Farmers: A community resource
Thank you for the photographs and description of farmer Ned Conwell and his crew at Green Tractor Farm ("Steeling for early freeze," Sept. 9) preparing for our sudden, unseasonable temperature drop and extreme winds. These photos provide a good glimpse of how devoted, creative and hardworking our local, small-scale farmers are. And this is the case not just in a weather crisis but all the time.
We’re fortunate to live in the midst of many excellent farmers who bring to market the freshest, tastiest, most nutritious food available anywhere. We’re equally fortunate that our farmers market provides access to this healthful food to a wide community, doubling each dollar spent by customers in the Supplemental Nutrition Assistance Program. Our local farmers and farms and our market are among our greatest community assets — nutritionally, economically and culturally. Just in the course of feeding ourselves, by buying our food from local farmers, we can enhance these assets and help them flourish.
I want to send a shout out to say "thank you" to all in the community who helped in feeding the people at Pete's Place on Aug. 30. So many came together to help feed 80 people at lunchtime that day. The Pantry Dos donated, cooked and sliced the meat for sandwiches, my neighbors came together to help me make the lunches filled with good eats from The Food Depot. Police Chief Andrew Padilla sent Officer Steve to help serve the clients, Josh from my church came and passed out Popsicles to everyone. What a treat that was on a hot day. It was such a blessing and so very heartwarming to see so many in the Santa Fe community coming together to help where needed. There were many with full tummies and smiles on their faces that day. Thank you, everyone.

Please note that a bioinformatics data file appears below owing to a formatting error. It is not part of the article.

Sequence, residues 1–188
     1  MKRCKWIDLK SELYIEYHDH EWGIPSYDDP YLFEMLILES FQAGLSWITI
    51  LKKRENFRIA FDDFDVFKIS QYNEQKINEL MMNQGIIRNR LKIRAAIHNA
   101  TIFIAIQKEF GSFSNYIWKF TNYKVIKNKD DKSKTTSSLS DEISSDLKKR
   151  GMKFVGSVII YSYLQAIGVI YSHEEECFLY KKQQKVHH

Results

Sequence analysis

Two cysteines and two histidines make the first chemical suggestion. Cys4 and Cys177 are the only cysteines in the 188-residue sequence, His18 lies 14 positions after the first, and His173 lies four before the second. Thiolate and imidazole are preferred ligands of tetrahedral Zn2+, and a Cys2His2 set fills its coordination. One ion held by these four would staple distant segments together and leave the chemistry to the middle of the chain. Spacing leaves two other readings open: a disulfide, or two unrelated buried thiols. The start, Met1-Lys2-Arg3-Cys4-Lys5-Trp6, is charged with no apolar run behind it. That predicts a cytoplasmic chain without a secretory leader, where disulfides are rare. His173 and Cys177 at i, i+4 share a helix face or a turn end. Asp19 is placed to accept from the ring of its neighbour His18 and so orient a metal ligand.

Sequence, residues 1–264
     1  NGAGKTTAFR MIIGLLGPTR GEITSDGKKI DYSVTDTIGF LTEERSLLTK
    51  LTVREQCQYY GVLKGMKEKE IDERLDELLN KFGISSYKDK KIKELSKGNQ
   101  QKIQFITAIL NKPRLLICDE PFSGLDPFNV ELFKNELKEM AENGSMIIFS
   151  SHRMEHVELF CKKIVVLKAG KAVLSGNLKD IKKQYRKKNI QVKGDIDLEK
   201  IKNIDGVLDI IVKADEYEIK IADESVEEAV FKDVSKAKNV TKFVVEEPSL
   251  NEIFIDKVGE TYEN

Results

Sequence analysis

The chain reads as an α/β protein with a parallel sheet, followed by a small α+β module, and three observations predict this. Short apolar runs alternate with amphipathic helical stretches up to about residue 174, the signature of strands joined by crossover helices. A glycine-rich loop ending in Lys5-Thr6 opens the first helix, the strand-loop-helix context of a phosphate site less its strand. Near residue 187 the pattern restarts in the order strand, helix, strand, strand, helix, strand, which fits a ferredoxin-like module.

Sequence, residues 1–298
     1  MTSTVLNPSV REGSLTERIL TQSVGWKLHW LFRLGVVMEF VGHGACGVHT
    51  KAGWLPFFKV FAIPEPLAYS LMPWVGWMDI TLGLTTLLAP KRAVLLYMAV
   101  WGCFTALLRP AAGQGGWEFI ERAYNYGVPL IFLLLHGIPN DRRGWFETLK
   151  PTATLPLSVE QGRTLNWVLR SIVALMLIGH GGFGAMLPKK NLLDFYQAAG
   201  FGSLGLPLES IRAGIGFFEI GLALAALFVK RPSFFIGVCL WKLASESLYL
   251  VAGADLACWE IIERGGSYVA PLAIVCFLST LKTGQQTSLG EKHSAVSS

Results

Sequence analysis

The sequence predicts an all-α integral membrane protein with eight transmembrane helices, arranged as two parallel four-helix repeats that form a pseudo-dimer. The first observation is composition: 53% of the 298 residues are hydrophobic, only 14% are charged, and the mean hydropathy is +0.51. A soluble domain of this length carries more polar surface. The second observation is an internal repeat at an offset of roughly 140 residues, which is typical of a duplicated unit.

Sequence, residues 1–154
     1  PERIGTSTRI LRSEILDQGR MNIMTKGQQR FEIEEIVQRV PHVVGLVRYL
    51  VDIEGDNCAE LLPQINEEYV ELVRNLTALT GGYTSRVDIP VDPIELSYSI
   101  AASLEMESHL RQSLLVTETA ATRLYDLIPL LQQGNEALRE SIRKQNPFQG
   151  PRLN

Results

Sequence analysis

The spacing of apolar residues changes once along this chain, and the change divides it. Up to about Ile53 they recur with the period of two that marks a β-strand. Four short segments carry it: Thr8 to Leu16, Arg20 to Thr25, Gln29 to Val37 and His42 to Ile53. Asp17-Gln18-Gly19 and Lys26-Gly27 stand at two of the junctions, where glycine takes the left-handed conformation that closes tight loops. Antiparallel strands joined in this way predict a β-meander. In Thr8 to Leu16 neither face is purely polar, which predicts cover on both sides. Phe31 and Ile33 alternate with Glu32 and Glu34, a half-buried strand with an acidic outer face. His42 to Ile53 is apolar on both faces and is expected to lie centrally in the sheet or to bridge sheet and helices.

The real radicals